Guest column | Tony Byrd: Profile of a Summit School District graduate
Summit School District superintendent
While reading, writing and math certainly do matter, our students will need much more than these skills to be successful in a rapidly changing world. As was so brilliantly noted during our strategic planning process, a graduate from the Summit School District needs to be courageous, curious, globally-aware, growth-oriented and prepared. But what do these traits actually mean?
To be courageous means to take informed risks, persevere through challenges, and advocate for the needs of themselves and others. Today’s youth face enormous issues ranging from mental health, to an incredibly large wealth gap that continues to grow, the cost of higher education and a deeply polarized nation. They will need to know how to push through all of this and we need to prepare them for that.
To be curious means to ask questions, think critically, and problem-solve using a variety of strategies. As anything posted on social media seems to take on its own “fact-based” life, the students of Summit County will need to know how to discern what information actually represents. They will also need to be adroit at thinking about issues from multiple angles and finding a myriad approaches to solving complex problems that are often much, much deeper than they appear in a tweet or a post.
To be globally aware means to participate in local and global communities, embrace different cultures, welcome the perspectives of others and communicate effectively across lines of difference. We live in a deeply international world. In Summit County we are gifted with people from nearly every continent and this gives our students the unique opportunity to learn about each other’s backgrounds and beliefs. It also helps them develop the skill it takes to understand that we each have our own unique worldview — often shaped by our cultures.
To be growth oriented means to remain flexible and open to possibilities, adapt in changing circumstances and pursue passions. Students graduating today are much more likely to shift careers multiple times in their lives than when many of us were young. This means they need to be incredibly open to options and ready to adjust. Knowing the issues they care about most will certainly help them through this.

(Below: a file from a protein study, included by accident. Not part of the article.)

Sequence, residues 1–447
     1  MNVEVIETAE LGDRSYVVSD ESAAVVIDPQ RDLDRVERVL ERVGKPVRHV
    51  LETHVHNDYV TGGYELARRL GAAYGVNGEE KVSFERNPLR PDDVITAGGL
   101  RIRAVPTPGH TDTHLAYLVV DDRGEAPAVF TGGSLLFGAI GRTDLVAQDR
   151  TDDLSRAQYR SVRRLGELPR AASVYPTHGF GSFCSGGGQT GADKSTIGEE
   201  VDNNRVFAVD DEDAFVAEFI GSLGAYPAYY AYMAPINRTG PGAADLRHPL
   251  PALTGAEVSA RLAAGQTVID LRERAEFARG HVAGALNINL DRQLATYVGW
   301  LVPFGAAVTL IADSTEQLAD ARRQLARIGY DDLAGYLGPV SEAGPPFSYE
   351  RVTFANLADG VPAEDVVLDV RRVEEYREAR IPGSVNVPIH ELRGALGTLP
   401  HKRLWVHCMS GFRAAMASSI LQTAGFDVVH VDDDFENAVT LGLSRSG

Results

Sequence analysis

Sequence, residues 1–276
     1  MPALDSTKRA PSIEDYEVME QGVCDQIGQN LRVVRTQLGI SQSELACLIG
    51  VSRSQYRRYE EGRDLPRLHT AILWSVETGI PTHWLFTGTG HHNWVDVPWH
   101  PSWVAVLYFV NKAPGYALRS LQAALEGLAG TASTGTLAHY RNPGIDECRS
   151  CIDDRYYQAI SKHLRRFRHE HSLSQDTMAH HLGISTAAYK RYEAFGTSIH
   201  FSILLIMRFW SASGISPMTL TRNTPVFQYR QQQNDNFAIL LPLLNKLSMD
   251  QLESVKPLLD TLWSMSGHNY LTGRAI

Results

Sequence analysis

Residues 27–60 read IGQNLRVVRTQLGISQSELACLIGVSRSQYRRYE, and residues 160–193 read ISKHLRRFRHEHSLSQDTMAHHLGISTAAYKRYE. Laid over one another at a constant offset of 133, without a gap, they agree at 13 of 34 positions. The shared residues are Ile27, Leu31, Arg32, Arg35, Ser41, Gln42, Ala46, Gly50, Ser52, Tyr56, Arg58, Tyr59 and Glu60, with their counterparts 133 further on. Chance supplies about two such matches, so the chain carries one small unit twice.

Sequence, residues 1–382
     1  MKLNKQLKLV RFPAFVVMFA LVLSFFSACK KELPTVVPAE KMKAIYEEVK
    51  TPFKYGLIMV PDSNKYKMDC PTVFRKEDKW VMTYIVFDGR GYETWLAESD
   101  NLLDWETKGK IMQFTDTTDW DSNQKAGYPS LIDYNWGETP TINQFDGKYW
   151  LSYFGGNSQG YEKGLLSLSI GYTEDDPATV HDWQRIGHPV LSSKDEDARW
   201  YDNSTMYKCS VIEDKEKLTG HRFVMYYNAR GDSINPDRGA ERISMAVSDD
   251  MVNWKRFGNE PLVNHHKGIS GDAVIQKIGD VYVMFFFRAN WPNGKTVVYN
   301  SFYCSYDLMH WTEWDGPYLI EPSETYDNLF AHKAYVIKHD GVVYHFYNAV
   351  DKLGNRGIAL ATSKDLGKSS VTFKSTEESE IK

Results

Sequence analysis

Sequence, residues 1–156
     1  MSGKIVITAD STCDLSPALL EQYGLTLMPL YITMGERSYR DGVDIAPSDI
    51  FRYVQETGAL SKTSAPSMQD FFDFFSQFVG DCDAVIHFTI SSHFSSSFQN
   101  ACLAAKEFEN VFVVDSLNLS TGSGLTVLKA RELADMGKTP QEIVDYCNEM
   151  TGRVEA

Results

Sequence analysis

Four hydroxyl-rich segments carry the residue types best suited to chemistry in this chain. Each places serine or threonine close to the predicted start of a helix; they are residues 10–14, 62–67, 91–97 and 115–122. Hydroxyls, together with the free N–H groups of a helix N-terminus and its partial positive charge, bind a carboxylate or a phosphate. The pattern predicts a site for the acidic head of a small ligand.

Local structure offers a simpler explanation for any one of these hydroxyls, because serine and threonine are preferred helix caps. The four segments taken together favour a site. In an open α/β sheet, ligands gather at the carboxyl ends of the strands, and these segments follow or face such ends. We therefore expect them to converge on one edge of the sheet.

To be prepared means to be academically, socially, emotionally and financially ready for life after high school. They must be able to read, write and manage the complex language of mathematics. However, just knowing these skills will not be enough. They need to be socially and emotionally prepared for a sometimes very frightening and angry world and they need to know how to manage their resources to persevere.
As a district, we have significant responsibilities with respect to preparing our students to graduate with these traits. With respect to courage, we must create rigorous learning spaces with both high expectations and the safety to fail. Anyone who has moved from green to blue to black on any one of these gorgeous mountain trails knows that falling down and getting back up was key to that growth.
On curiosity, we must ask our students questions about themselves, about the community and the larger world. We must create lessons that include complex problems which require a variety of strategies to both approach and solve.
On global awareness, we must create opportunities for our students to participate in local and global communities. They must also learn to embrace a range of cultures, seek others’ perspectives and communicate with those who are very different from themselves.
On being growth-oriented, we must create environments that are flexible in design and develop a deep sense of possibility in each of our students. We must also help our students learn to adapt and adapt quickly.
On preparedness, we must ensure that each and every student has the opportunity to pursue a rigorous academic program. While being academically ready is wonderful, our students must know the basics of managing and growing their finances.
It is our honor as a district to do this work. We also know we need to do this in partnership families and the larger community. You told us as much through our strategic planning process. I believe, as I noted in an earlier column, if we come together across the county in the name of our students we have the opportunity to be one of the best districts in the state.
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